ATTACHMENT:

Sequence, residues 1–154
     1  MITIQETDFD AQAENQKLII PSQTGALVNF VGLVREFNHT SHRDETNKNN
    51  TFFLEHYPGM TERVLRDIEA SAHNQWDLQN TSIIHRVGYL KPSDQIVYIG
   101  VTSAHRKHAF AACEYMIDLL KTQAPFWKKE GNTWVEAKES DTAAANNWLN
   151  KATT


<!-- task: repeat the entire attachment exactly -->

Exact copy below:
Sequence, residues 1–154
     1  MITIQETDFD AQAENQKLII PSQTGALVNF VGLVREFNHT SHRDETNKNN
    51  TFFLEHYPGM TERVLRDIEA SAHNQWDLQN TSIIHRVGYL KPSDQIVYIG
   101  VTSAHRKHAF AACEYMIDLL KTQAPFWKKE GNTWVEAKES DTAAANNWLN
   151  KATT